By James Chin, The Borneo Post
EAST Malaysia is very much in the news lately. With more than a quarter of MPs coming from there, it is generally acknowledged that they were the key to Barisan Nasional’s continued hold on power.
Since March 8, MPs and other politicians from Sabah have grown more vocal about the ‘neglect’ of East Malaysia since independence, making subtle references to the possibility that they could easily switch their support to Pakatan Rakyat if the federal government does not resolve their grievances.
There are several main grievances and their resolution may not be forthcoming in the short term.
The first issue is the date of independence. In the peninsula, independence is often taken to be 1957 when self-government was put in place. In East Malaysia, they see the proper date of independence as 1963 when the Federation of Malaysia was established.
Additionally, there is some unhappiness with the term Sabah and Sarawak ‘joining’ Malaysia when in fact Malaysia did not exist before 1963. For East Malaysians, Sabah, Sarawak, Singapore and Malaya came together as equal partners to form the Federation of Malaysia. Using the term ‘join’ implies that East Malaysia joined an existing political entity as junior partners.
The second big issue is the federal government’s commitment to a set of state rights guarantees attached to the Malaysia Agreement, commonly referred to as the ‘20 Points’.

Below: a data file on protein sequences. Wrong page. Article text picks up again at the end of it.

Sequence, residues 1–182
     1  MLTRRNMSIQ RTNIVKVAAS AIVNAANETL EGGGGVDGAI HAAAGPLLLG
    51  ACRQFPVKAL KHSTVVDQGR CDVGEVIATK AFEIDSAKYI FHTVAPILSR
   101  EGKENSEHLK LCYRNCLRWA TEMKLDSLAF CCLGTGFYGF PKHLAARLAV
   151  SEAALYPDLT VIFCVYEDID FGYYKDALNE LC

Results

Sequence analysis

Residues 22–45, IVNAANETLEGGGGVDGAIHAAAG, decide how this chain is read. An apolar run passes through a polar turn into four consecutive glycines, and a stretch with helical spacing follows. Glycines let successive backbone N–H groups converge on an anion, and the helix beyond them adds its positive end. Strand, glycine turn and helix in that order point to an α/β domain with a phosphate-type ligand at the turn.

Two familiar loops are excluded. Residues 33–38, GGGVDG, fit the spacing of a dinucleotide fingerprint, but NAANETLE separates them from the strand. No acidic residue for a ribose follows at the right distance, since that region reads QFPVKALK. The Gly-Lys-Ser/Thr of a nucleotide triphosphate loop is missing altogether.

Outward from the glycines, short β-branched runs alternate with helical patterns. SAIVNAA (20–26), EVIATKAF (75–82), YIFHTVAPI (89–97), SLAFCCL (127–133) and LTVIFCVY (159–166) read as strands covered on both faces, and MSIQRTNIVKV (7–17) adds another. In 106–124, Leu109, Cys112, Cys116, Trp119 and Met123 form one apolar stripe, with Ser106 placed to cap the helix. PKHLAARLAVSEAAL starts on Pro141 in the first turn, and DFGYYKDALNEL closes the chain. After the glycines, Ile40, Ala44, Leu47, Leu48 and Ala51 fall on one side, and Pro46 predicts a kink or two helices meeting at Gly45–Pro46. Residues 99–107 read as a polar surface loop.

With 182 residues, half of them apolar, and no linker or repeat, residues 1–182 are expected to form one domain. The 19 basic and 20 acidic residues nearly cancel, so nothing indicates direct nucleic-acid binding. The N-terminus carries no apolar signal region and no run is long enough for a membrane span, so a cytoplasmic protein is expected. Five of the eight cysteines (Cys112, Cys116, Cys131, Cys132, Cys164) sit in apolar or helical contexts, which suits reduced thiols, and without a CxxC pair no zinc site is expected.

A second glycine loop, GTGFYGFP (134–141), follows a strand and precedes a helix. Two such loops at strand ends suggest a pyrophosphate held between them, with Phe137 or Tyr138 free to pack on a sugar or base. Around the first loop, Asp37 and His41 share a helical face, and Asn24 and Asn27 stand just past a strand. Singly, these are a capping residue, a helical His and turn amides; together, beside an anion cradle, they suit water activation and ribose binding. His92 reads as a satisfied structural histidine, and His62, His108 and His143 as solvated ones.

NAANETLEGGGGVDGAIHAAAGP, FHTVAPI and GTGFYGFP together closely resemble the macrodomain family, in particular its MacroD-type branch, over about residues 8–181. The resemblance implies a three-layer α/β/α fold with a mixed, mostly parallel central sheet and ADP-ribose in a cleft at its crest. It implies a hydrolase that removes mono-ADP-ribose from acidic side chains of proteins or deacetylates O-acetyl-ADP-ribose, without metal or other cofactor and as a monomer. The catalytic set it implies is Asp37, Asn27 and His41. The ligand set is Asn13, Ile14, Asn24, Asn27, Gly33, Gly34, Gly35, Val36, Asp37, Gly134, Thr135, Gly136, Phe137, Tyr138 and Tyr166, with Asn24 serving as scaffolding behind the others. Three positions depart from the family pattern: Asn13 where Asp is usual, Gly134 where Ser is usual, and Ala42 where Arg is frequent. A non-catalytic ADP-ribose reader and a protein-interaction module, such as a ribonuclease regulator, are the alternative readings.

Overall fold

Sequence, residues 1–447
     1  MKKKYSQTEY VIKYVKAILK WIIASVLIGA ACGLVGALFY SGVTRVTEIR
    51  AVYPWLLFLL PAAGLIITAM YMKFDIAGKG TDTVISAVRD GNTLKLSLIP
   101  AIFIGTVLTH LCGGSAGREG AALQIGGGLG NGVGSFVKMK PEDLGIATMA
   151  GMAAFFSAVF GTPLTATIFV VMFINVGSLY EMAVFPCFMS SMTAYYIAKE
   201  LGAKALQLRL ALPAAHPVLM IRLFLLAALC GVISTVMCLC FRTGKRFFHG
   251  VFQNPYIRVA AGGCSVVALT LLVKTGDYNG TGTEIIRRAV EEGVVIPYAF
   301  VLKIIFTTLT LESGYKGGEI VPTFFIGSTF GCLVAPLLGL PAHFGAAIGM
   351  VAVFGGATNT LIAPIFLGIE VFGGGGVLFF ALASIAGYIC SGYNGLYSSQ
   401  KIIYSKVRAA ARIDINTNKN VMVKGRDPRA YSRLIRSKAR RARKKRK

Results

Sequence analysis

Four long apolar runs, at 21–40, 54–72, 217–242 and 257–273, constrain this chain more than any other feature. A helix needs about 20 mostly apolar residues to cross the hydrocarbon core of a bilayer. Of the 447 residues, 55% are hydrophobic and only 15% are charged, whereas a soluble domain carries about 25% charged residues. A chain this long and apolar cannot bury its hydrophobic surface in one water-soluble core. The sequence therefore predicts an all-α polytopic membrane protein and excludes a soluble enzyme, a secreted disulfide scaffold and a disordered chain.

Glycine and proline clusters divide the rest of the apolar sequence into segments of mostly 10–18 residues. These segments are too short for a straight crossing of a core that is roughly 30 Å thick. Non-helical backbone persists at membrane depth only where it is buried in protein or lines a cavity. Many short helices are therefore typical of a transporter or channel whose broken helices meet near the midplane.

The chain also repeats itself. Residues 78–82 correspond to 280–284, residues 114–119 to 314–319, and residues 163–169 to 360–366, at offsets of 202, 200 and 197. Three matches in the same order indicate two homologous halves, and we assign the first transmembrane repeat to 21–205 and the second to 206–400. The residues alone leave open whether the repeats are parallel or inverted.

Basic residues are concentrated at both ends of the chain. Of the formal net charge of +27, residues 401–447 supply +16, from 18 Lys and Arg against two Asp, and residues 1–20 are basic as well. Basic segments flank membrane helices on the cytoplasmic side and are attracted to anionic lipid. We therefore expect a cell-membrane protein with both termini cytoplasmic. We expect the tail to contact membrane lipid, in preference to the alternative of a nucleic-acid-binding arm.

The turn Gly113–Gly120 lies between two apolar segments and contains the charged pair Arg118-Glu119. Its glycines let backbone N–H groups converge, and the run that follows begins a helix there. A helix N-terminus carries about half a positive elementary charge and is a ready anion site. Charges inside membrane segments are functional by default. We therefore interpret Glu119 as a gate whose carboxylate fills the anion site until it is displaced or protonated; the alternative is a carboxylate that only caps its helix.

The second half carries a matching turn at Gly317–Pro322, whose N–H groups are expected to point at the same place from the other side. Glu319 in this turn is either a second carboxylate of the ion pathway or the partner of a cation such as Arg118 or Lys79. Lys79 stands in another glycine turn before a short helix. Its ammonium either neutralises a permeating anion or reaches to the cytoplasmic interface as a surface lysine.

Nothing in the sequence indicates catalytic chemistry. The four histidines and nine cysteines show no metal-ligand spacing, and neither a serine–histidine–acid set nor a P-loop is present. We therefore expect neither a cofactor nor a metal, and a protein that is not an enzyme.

Among the key points were:
• Islam’s status as the national religion was not applicable to East Malaysia;
• Immigration control was vested in the state governments;
• Borneonisation of the civil service would be a high priority and English can be used as an official language;
• No changes to the ‘20 Points’ guarantees can be made without the agreement of the Sabah and Sarawak state governments. A clause was inserted giving all the parties the right to review the 20 Points after 10 years, ie, 1973.
• The natives of East Malaysia would be on par with the Malays and other indigenous groups in the peninsula, ie full Bumiputera status.
Taken as a whole, the 20 Points, if read in their entirety, give the East Malaysian states considerable political autonomy. However, the public view in East Malaysia is that there has been considerable dilution of the 20 Points for the past 45 years.
For Sabahans, the issue of immigration control is widely seen as a joke given the large number of illegal migrants in the state. Depending on who you talk to, the number of illegals in the state is between 1-1.5 million.
Combined with ‘legal’ immigrants, those who managed to get IMM13 certificates or MyKad, the number of non-Sabah born residents may actually be equal to the local born.
Official government statistics showed that one quarter of the state’s population is now made up of foreigners and that since 1963, the state’s population has increased by more than 300 per cent! This sort of increase can only happen with some sort of official collaboration at the highest level in Putrajaya.
Hence the call for a Royal Commission to get to the bottom of the infamous ‘Project IC’. The make-up of the civil service is also a sore point.
While it is true that both states have their own civil service, it is also true that since independence, more and more functions of the state civil service have been transferred to the federal service.
There is popular perception that non-Muslim Bumiputera (NMB) civil servants from East Malaysia are being discriminated in terms of recruitment and promotion.
Then there are Bumiputera rights.
There is widespread feeling among the NMB of East Malaysia, despite being the majority numerically in both states, are treated as ‘third class’ Bumiputera when it comes to government help.